Summary of news on parents involvement in their childrens education

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May 2008

The Department for Children Schools and Families published research showing parents want more involvement in their children’s education and prefer informal chats with school staff instead of parents' evenings. The research showed half of all parents feel very involved their child's education - up from just 29% in 2001 - and the majority (65%) want to get even more involved. Parents now see informal discussions with school staff as the most useful way of finding out about a child's progress. Read the full article at

December 2007

The TES reported on findings from the Primary Review, which include reports by Manchester and Leeds academics. They say that the drive to meet Government targets for tests and the Every Child Matters outcomes has altered the relationship between schools and families. Teachers are now being pushed into basing their judgements of pupils on race, class and gender rather than their individual abilities. The report said: "methods to tackle underachievement with broad solutions based on ethnicity, gender or learning styles, are too simple to work well, can reinforce prejudice and underestimate children’s abilities". The researchers went on to point out that schools tend to be less diverse than the national picture as variations are not evenly spread.

The full report, Children, identity, diversity and inclusion in primary education by Mel Ainscow, Alan Dyson and Jean Conteh, can be found at htpp://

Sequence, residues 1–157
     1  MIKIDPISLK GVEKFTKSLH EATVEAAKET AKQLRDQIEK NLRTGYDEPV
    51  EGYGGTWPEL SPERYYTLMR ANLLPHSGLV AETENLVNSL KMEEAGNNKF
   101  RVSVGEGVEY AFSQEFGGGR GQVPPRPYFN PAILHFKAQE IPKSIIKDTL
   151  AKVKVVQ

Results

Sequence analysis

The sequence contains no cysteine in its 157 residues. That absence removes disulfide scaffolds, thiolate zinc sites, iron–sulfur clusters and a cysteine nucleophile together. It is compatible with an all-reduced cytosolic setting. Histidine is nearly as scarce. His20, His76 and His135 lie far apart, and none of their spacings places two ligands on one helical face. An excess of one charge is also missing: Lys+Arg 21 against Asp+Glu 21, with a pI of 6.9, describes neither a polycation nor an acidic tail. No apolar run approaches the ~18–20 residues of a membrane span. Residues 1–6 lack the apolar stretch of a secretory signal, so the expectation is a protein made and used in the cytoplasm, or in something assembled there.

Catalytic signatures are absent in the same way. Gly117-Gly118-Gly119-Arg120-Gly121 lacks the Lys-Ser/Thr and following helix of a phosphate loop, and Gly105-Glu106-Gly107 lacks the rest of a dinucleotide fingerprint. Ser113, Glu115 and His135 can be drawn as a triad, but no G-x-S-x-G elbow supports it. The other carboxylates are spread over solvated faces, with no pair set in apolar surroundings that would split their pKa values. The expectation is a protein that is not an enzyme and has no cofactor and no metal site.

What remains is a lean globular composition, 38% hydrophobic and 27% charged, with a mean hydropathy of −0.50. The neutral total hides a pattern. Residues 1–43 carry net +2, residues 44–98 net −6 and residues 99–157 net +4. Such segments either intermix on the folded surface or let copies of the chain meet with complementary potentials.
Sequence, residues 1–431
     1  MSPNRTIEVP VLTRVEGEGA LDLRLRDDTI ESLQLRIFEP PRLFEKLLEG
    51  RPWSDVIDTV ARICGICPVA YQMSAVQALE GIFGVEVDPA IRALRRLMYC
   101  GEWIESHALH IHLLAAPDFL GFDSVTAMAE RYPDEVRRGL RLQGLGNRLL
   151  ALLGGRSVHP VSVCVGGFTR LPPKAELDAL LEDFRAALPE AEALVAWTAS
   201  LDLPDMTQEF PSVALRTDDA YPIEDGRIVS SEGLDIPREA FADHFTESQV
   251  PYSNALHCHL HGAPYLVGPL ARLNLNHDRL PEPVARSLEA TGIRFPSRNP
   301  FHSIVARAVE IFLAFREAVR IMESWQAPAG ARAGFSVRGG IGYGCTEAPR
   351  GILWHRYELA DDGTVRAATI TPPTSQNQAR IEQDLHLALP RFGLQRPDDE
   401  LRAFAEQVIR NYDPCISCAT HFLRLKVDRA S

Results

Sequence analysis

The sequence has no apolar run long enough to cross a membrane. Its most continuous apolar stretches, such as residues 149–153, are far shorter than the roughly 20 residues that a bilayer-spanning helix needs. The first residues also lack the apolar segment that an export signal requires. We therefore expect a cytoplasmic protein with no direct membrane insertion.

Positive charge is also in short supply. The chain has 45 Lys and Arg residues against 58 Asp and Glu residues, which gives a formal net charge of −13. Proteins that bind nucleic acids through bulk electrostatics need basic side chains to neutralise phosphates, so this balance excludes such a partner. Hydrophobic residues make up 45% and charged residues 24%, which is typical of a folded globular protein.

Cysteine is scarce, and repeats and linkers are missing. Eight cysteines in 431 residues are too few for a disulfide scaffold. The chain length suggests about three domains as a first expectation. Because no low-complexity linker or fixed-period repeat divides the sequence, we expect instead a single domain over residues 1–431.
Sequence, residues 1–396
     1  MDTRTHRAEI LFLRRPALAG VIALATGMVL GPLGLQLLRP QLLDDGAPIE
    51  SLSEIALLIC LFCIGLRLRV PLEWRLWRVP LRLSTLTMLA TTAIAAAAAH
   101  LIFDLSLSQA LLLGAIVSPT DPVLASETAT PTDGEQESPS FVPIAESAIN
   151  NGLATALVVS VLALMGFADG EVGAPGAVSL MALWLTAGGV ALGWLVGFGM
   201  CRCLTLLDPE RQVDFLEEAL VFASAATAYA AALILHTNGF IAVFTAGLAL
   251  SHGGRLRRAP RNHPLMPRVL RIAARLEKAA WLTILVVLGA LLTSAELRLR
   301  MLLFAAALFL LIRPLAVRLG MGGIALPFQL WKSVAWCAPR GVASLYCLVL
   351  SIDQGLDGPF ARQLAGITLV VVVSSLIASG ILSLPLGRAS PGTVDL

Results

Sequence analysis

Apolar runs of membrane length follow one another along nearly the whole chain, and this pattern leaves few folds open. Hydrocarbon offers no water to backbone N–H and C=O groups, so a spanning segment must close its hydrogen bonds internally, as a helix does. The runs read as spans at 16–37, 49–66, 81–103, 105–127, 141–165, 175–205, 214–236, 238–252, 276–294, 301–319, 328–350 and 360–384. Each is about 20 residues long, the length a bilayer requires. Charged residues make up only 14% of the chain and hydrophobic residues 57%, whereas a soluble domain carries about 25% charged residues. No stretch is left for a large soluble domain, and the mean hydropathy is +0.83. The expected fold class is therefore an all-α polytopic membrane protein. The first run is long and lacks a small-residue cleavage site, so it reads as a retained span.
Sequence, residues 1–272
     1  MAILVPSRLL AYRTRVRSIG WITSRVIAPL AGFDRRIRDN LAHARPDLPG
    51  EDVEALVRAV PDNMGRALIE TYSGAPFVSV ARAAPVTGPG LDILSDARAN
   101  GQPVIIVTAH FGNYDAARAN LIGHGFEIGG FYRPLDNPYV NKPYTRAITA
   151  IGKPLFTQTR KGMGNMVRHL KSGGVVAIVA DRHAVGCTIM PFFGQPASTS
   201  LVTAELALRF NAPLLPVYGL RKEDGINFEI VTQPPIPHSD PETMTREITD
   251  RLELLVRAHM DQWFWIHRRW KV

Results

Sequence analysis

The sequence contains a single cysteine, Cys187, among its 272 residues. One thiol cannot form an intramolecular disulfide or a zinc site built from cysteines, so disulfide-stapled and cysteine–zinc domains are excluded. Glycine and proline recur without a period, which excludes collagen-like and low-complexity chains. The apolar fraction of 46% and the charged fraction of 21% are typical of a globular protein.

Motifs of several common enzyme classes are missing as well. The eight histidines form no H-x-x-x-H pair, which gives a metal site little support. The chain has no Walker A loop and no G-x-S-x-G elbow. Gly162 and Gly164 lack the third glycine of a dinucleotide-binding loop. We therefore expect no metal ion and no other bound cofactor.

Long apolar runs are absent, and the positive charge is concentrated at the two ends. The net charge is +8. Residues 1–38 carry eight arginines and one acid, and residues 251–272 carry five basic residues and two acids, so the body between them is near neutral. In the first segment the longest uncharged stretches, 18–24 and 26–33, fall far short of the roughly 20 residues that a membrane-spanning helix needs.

November 2007,

The TES reported on Bernard Levey, an educational psychologist from Hull, who observed a project in which support assistants helped parents of 143 primary school pupils (all with literacy difficulties) to work with their children. He found that children’s literacy levels improve significantly if teachers help parents to read with their children. Mr Levey also noticed that parents’ interest in literacy increased , and the schools involved recognised that parents can make a difference to children’s literacy. In the same month, as part of the Primary Review, Cambridge University released research which found that many children’s homes were becoming classrooms and others were being looked after in after-school centres while their parents worked long hours. They warned that drives to increase parent involvement in their child’s education – a focus of the 10-year children’s plan – could backfire.

The study says that parents feel intense pressure to read to their children and help with their homework but many are intimidated by academia, while others feel guilty for failing to meet their children’s expectations. It added that wraparound care was increasing pressures on children and schools find it ever more difficult to talk to parents as family structures shift. (Guardian/Daily Mail, 23 November 2007).

November 2007